“In order to provide the best student experience, we must offer the best environment for student learning.”

Western should take better advantage of the modular character of our 'New Academic Choices' undergraduate program design to offer a greater range and variety of interdisciplinary study. We must recognize the complexities superimposed upon such efforts by our current Faculty administrative structures, and seek meaningful ways to ameliorate these unintended consequences. We will encourage, support, recognize and reward the efforts of faculty and staff who take a pan-University view of undergraduate education. We will assist them in their efforts to create well-integrated programs, with both depth and breadth, which draw upon intellectual and capital resources from many different parts of the academy. Such programs are not only wonderful educational experiences for our students, but they can also bear the seeds for successful research collaborations amongst participating faculty. Greatly expanded initiatives are needed in career and employment counseling and services, areas of responsibility that involve the central University, individual Faculties and Schools, and our alumni. We must also reaffirm our commitment to the provision of professional undergraduate programs, ensuring their ongoing success within an increasingly competitive marketplace.

In order to provide the best student experience, we must offer the best environment for student learning. This calls for innovative approaches to the integration of classroom and laboratory work with the larger scholarly and social communities through engagement in research, service learning and field projects away from the campus, and by the creative use of opportunities presented by technology. Increasingly, traditional face-to-face instruction is augmented with a broad spectrum of on-line instruction, field projects, and service learning experiences. It is imperative that we provide support for faculty and staff to integrate the new technologies and learning methods into the curriculum and that we be aware that successful integration of technology and off-campus experience requires the educator to reconceptualize where, when, and how learning occurs most effectively.

Another aspect of student engagement can be seen in the degree to which Western reflects our broader social landscape. We derive cultural richness and strength from the diversity of our recruitment of students from traditionally under-represented groups, at both the undergraduate and graduate levels. We should pay particular attention to the recruitment and support of Aboriginal students from within our geographical area and beyond. The First Nations Studies program in the Faculty of Social Science is a strong academic step in this direction. The newly-initiated program for support of Aboriginal students in the Faculty of Health Sciences is another project with attributes that could be emulated in other disciplines.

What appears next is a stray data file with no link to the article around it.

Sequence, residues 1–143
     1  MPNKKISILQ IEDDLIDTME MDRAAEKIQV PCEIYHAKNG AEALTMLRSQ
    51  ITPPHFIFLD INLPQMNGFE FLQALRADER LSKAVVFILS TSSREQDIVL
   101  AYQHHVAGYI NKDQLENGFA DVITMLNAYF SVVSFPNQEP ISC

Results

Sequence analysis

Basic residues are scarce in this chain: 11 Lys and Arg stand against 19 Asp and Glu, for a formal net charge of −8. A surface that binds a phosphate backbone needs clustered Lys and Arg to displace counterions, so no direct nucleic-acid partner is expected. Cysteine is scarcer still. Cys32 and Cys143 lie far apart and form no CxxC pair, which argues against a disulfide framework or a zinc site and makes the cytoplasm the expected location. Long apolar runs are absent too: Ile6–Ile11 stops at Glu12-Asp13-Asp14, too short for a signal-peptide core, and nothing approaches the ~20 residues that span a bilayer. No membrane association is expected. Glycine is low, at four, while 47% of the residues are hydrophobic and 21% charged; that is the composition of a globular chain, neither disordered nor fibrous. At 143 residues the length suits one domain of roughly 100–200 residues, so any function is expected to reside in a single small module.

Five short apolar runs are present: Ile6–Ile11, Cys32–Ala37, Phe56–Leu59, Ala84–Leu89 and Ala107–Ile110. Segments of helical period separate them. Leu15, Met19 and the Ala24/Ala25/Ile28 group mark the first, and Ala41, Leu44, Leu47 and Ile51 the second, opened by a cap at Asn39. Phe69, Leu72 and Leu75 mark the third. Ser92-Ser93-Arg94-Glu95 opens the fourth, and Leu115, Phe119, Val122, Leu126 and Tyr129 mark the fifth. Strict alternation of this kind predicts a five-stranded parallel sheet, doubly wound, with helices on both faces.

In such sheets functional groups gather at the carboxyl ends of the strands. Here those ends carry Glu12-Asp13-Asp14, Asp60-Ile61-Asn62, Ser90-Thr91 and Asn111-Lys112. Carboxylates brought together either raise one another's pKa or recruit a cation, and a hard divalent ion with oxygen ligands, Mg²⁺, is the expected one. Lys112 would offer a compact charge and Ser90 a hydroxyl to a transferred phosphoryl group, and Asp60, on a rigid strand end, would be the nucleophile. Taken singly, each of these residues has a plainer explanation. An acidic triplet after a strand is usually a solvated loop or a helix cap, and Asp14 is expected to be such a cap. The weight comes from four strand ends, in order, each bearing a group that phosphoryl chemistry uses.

Our Commitments:

  1. Western will build on its strong record of student satisfaction by increasing student engagement in courses and learning outside of the classroom. The University will:

2.1 - Maintain its current target of 4,350 first-year undergraduates per year for the next decade.

2.2 - Develop special initiatives for the recruitment and support of Aboriginal students.

2.3 - Maintain the Western guarantees with regard to a first-year residence room, choices for first-year courses, and our financial commitment that no undergraduate student will be denied access or the ability to complete a degree because of financial need.

2.6 - Support and facilitate development of programs that integrate classroom study with community engagement and service. This will include a special role for the Teaching Support Centre in identifying best practices at Western and promoting their wider use.

2.7 - Emphasize the importance of broad experience outside the classroom for all our students, recognizing that these activities build the leadership capacity which characterizes Western graduates.

2.8 - Expand student opportunities for cross-disciplinary study by increasing the numbers of interdisciplinary programs, niche programs for high-achievers, and concurrent degree and degree/diploma programs.

2.9 - Expand study-abroad opportunities for our students in conjunction with our aspirations for Internationalization.

2.10 - Establish an improved framework for student career counseling, involving central University resources, expertise and professional contacts within the Faculties and Schools, and Western's extensive network of alumni.

2.11 - Bolster our undergraduate program review process as a means of ensuring the best possible learning outcomes for our students.

2.12 - Use ongoing involvement in NSSE to establish additional benchmarks for performance in student-related activities and services and measures of Western's success.